Henry James and "The Turn of the Screw": The Governess and the Ghosts

Pre-University Paper, 2010

20 Pages, Grade: 1


Table of contents:

The “Turn”

Henry James – The Turn of the Screw – The Governess and the Ghosts
I. Henry James and his motives for writing a ghost story
II. “The Turn of the Screw” – Summary
III. The governess
IV. The apparitions and the governess’s attitude towards them
V. “The Turn of the Screw” and the Gothic novel
VI. An appeal to readers of contemporary supernatural literature


The “Turn”

Henry James’s title of his novel could not have been more allusive. He writes “The Turn of the Screw” at the turn of the century when people were both excited and nervous about what to expect of the new century. He gives the ghost-story another turn of the screw as the tale involves a second child. And even the author is at a turn ing point, because he decided, for the first time, to rent an old house, where he stays until his death. What happens if one turns the screw? Does it all get worse or does giving the screw two turns produce a status that restores its former orientation? Certainly a turn alters something. The governess in “The Turn of the Screw” wonders what happens if someone turn s out to be, for instance, innocent and this thought is instantly followed by another: What then on earth is the governess? This tendency to relate everything to one’s personal situation is perfectly human, but problematic. Can one unconditionally trust one’s own perception? Even the governess doubts this. She and the ghosts will be analysed and carefully interpreted in order to understand James’s narrative and the problems of human doubts and awareness.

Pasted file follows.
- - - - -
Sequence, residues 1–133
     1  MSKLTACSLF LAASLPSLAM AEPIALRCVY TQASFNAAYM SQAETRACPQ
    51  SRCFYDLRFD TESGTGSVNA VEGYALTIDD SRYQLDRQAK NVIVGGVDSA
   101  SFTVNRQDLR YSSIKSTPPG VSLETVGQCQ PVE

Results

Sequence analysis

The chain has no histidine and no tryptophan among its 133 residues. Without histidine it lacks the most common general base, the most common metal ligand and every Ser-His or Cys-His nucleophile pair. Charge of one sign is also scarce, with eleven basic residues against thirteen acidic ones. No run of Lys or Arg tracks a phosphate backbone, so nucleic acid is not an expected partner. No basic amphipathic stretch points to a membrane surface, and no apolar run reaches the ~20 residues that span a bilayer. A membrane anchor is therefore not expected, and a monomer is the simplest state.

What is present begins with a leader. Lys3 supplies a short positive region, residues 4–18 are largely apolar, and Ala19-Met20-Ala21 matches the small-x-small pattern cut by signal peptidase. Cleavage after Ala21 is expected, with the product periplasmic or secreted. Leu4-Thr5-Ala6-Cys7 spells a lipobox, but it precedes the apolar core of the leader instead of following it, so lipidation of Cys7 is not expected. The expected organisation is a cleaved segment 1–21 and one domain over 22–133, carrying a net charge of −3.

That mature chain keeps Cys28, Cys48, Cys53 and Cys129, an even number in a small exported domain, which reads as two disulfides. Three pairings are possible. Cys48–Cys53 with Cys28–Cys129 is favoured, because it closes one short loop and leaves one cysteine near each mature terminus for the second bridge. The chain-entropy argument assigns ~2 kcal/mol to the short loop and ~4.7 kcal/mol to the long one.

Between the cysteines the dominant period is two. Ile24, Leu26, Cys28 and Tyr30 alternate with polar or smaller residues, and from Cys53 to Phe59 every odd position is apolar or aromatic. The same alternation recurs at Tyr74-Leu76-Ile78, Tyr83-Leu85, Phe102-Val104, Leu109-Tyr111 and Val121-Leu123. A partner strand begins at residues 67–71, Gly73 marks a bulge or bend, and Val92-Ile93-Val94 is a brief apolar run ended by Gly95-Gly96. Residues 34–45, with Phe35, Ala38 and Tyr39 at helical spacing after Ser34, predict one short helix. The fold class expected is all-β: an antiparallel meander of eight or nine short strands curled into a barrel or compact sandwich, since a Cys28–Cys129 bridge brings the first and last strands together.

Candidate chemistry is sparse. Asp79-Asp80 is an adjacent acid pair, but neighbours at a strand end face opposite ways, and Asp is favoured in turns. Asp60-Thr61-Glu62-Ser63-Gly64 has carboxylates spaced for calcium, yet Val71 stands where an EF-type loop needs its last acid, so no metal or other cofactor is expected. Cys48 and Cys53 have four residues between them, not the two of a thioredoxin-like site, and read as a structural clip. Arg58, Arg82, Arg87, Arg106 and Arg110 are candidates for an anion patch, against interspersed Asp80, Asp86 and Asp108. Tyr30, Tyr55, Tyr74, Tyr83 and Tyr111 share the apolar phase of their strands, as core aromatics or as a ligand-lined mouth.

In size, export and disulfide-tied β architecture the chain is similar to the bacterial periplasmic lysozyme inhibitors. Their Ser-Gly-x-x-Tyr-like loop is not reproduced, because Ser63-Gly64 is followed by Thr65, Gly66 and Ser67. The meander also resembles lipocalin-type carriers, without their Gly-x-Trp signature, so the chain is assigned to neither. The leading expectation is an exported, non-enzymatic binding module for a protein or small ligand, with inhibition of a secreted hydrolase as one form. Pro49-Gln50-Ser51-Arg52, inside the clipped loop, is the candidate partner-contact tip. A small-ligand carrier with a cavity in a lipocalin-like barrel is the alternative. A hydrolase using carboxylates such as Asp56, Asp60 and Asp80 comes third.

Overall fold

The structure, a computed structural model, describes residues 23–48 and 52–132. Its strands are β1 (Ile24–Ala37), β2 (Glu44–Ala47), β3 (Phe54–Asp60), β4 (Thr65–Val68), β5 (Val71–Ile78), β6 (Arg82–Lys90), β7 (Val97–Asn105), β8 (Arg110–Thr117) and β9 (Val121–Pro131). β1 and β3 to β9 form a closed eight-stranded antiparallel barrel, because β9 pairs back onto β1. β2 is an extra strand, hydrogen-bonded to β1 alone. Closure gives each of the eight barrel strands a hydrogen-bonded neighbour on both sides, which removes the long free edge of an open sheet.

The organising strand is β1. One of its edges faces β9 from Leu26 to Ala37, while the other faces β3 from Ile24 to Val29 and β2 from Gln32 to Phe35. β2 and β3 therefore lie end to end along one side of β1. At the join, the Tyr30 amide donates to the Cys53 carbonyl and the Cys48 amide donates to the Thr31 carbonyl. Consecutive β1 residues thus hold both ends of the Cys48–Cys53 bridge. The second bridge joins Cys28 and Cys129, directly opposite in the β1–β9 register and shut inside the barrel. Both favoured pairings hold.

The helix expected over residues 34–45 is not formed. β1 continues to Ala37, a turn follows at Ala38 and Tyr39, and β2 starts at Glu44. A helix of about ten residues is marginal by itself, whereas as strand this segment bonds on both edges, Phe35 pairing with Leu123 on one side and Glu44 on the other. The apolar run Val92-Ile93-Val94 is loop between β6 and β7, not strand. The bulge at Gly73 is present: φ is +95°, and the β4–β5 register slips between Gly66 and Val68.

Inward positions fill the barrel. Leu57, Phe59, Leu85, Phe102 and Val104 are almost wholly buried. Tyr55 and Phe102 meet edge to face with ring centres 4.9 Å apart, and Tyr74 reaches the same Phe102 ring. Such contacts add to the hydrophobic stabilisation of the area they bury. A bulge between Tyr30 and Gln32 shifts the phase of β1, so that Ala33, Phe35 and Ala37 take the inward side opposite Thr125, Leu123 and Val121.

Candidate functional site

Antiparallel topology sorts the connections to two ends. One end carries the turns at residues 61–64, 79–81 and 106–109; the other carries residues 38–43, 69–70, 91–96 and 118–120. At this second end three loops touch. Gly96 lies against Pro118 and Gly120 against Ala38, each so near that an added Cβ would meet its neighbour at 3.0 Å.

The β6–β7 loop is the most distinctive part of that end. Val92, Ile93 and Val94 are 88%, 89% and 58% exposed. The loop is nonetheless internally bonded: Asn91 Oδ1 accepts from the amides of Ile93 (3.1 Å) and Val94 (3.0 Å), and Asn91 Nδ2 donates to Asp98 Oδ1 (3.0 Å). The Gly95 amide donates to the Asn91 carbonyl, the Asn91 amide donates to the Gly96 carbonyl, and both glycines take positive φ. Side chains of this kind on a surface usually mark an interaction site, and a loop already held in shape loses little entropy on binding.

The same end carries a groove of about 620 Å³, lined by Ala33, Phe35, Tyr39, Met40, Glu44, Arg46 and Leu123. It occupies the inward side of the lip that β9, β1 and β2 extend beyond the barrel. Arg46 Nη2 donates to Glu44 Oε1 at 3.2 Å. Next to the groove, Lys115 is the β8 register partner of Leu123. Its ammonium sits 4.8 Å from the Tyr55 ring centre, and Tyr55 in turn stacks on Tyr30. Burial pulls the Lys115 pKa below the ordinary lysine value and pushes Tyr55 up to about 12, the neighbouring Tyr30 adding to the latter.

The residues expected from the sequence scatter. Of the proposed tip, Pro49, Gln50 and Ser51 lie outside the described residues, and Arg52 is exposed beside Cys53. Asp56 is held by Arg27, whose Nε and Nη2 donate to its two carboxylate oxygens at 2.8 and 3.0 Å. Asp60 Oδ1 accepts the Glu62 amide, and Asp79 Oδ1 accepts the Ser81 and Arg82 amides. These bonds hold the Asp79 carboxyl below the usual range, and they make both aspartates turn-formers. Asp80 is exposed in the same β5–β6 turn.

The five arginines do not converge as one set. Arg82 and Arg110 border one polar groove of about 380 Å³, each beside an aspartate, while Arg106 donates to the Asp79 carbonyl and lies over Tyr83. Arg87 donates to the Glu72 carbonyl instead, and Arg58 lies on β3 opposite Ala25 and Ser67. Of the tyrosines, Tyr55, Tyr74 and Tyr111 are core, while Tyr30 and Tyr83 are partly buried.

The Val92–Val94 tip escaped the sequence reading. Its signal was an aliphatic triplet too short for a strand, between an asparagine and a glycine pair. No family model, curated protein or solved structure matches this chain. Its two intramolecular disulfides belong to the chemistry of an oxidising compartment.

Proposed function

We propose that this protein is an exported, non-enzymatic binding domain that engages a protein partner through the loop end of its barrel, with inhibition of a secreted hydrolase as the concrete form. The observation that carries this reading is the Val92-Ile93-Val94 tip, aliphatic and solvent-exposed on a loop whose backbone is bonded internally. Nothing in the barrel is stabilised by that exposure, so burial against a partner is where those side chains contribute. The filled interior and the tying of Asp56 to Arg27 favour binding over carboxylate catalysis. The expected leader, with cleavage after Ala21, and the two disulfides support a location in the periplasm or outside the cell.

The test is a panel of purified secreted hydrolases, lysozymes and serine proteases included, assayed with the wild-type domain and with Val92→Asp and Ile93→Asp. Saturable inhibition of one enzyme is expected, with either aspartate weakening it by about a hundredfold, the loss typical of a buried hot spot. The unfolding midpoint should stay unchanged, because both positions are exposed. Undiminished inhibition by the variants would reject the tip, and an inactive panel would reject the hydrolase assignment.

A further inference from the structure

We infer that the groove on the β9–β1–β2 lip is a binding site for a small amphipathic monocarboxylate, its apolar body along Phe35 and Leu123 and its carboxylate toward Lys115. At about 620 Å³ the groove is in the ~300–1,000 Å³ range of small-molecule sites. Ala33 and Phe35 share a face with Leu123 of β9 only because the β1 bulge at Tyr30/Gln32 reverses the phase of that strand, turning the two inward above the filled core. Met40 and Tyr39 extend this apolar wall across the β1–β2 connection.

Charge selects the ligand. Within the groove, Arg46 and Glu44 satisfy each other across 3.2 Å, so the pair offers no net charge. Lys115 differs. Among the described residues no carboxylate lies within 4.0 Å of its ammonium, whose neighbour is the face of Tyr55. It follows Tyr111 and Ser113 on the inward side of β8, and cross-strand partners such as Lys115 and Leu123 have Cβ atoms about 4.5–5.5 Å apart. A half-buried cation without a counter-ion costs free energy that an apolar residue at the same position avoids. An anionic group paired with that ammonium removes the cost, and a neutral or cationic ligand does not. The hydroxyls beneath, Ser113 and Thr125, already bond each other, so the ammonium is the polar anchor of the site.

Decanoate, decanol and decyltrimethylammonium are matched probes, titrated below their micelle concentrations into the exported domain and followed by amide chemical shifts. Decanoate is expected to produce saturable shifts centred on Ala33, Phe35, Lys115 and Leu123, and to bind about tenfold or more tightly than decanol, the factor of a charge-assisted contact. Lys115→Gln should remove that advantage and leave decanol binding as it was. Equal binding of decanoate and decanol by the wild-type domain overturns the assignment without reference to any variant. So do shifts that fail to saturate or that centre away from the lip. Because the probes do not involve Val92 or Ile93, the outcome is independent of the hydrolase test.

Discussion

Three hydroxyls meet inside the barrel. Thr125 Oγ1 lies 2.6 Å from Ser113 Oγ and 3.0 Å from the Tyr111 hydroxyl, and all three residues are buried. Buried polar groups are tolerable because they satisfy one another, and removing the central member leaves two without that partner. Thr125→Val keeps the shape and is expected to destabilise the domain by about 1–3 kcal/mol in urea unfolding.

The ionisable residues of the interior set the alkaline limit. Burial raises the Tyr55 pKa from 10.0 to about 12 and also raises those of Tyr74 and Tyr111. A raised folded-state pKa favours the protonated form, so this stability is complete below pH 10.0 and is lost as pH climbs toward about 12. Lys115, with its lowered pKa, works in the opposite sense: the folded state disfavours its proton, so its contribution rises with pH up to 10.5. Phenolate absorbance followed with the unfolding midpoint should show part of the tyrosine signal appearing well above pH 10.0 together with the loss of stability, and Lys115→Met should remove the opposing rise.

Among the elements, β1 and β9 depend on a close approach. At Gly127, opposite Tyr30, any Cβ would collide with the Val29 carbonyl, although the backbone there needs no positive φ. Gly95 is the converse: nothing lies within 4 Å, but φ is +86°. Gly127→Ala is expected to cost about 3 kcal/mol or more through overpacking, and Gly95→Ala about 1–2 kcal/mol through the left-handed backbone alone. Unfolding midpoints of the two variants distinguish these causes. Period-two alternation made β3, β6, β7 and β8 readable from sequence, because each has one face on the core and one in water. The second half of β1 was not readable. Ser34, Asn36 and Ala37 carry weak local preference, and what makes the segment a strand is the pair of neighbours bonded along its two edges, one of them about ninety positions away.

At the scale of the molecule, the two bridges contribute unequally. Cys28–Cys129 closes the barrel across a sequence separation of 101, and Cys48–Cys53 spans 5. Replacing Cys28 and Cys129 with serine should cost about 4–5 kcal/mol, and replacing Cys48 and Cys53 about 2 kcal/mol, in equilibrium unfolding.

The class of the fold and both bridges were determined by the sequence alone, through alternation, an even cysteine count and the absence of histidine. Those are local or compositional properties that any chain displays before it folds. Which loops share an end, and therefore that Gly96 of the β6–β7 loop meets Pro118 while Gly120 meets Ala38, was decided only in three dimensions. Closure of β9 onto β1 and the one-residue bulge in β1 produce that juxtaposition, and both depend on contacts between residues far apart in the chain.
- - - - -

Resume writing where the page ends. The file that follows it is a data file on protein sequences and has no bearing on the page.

I. Henry James and his motives for writing a ghost story